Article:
3 INTERNAL STRUCTURES IN REOVIRUS TOP COMPONENT 35 FIG D image reconstructions of orthoreovirus TC particles. 3-D image reconstructions for TC virions (A C), TC ISVPs (D F), and TC cores (G I) of orthoreovirus strain T1L are shown. (A), (D), and (G) are surface-shaded views from a perspective outside each particle. (B, C), (E, F), and (H, I) are cross-sectional views obtained by cutting each particle through a global twofold axis of symmetry and then removing the front half of the particle to reveal internal features. White features in (B), (E), and (H) show where the viral capsids were cut in generating the cross section. The arrowheads in (B), (E), and (H) identify one of the structures that projects inward along the fivefold axes in TC particles and is tentatively ascribed to be the orthoreovirus transcriptase complex. The arrow in (B) identifies the heart-shaped cavity within the outer capsid that is surrounded by the 2 protein. Color in (C), (F), and (I) was added as a function of radial depth in the particles (Spencer et al., 1997) as indicated in the associated color legend. Shifts in hue were incorporated to designate the major layers in orthoreovirus particles: blue, outer capsid; lavender, core shell; yellow, internal to the core shell. Images in (A, B), (D, E), and (G, H) were generated at a density contour of approximately 9 (see Table 1). Color images in (C), (F), and (I) were generated at a density contour of approximately 13 (see Table 1), to simplify views of the fivefold-related internal structures. Bar, 20 nm. striking difference is evident at lower radii in that virions are filled with density attributed to the dsrna genome (Fig. 3A, asterisk), whereas TC virions are more hollow, reflecting that the genome is mostly absent. In addition, the reconstruction of TC virions reveals several types of internal densities, including flower-like structures that project inwardly from the inner capsid along the fivefold axes (Fig. 2B, arrowhead). Other, less well ordered densities are concentrated just beneath the inner capsid around each icosahedral threefold axis (Fig. 2B).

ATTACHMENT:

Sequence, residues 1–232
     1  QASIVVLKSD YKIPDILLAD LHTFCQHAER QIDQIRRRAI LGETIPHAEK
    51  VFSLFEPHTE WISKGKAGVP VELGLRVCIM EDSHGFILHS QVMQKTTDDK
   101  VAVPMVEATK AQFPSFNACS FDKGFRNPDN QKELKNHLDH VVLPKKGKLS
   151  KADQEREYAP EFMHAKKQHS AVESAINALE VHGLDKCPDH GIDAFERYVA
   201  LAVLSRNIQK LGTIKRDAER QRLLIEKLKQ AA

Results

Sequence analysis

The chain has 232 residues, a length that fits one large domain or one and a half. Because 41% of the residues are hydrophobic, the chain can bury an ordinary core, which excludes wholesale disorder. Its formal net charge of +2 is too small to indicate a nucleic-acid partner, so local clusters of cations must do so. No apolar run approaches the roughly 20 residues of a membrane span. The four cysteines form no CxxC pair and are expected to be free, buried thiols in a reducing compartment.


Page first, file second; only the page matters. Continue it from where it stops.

4 36 DRYDEN ET AL. FIG. 3. Composite images of 3-D image reconstructions of orthoreovirus particles. Portions of the 3-D image reconstructions for two types of orthoreovirus T1L particles are combined in each composite: (A) TC virions (left half) and virions (right half); (B) TC ISVPs (left half) and ISVPs (right half); and (C) TC cores (left half) and cores (right half). The top half of each composite includes surface-shaded views from a perspective outside the particles, whereas the bottom half includes cross-sectional views like those in Fig. 2. Reconstructions for virions, ISVPs, and cores are from Dryden et al. (1993). The asterisk in (A) identifies density in the particle interior that is attributed to the genomic dsrna and is missing from TC particles. Features attributed to each outer-capsid protein are also labeled in the surface views of these particles (top right quadrants). The 1 label refers to cleavage products of that protein that are present in virions ( 1N and 1C; Nibert et al., 1991) and ISVPs ( 1N, 1 /, and ; Nibert and Fields, 1992). Only the base of the flexible 1 fiber, which extends 400 Å from the particle surface (Furlong et al., 1988), is visible in the virion and ISVP reconstructions. Bar, 20 nm. Each of the flower-like structures in TC virions is found immediately beneath a cavity within the outer capsid that appears heart-shaped in cross section (Figs. 2B, arrow, and 3A) and is surrounded by subunits of the 2 pentamer (Dryden et al., 1993). In closer views (Figs. 4A 4F), the structures are seen to have a stalk that is 45 Å in diameter and extends 65 Å into the central cavity of TC virions. The interior end of the stalk is decorated by five petals of weaker density, which attach near the stalk s tip and are aligned with capsid ridges that surround its base (Figs. 4C, 4D, and 4F). These ridges, as well as five intervening grooves in the capsid, are best seen when the density contour is increased to remove the lower density petals from obscuring the capsid (Fig. 4D) or when the capsid is viewed at an acute angle at high magnification (Fig. 4F). The locations of the flower-like structures correspond to those proposed for the orthoreovirus transcriptase components (see Introduction). Cryo-TEM and 3-D image reconstruction of TC ISVPs and TC cores To address which protein components might constitute the internal densities in TC virions, we generated subvirion particles TC ISVPs and TC cores by chymotrypsin treatment of TC virions for image reconstruction. This approach seemed promising since one innercapsid protein, 1, was known to undergo cleavage upon chymotrypsin treatment of TC virions (Smith et al., 1969; White and Zweerink, 1976). We hypothesized that the loss of protein mass to protease degradation might be correlated with the loss of internal densities from TC subvirion particles. Both TC ISVPs (Fig. 1A, arrow) and TC cores (Fig. 1B) were found to resemble the respective genome-containing particles except for a hollow appearance from lower density in their centers. TC ISVPs were 790 Å in diameter and exhibited coarse features on their surfaces attributable to outer-capsid protein 1 (Dryden et al., 1993). In addition, long fibers representing the cell-attachment protein 1 (Furlong et al., 1988) were seen extending radially up to 400 Å from the surfaces of some ISVPs. TC ISVPs were easily distinguished from TC virions when mixed on the same grid (Fig. 1A). In TC cores, the exposed inner capsid was 600 Å in diameter, with large features attributable to protein 2 extending an additional 100 Å around the fivefold axes (White and Zweerink, 1976; Dryden et al., 1993). 3-D reconstructions of TC ISVPs and TC cores, calculated to 30 Å resolution, were generated from micrographs using methods similar to those used with TC virions. In the reconstructions, the outer surfaces of TC ISVPs (Figs. 2D and 3B) and TC cores (Figs. 2G and 3C) appear very similar to those of ISVPs (Fig. 3B) and cores (Fig. 3C). Features attributable to outer-capsid proteins 2, 1, and 1 are all discernible in TC ISVPs and show few differences from ISVPs (Dryden et al., 1993). The 12 turrets that project around the fivefold axes and are attributable to protein 2 are very similar in TC cores and cores, as are the 150 ellipsoidal nodules that decorate the surfaces of TC cores and cores, and are attributable to inner-capsid proteins 1 and/or 2 (Dryden et al., 1993). As with TC virions, the 3-D reconstructions of TC ISVPs reveal inwardly projecting, flower-like structures at each fivefold axis; however, the densities of these structures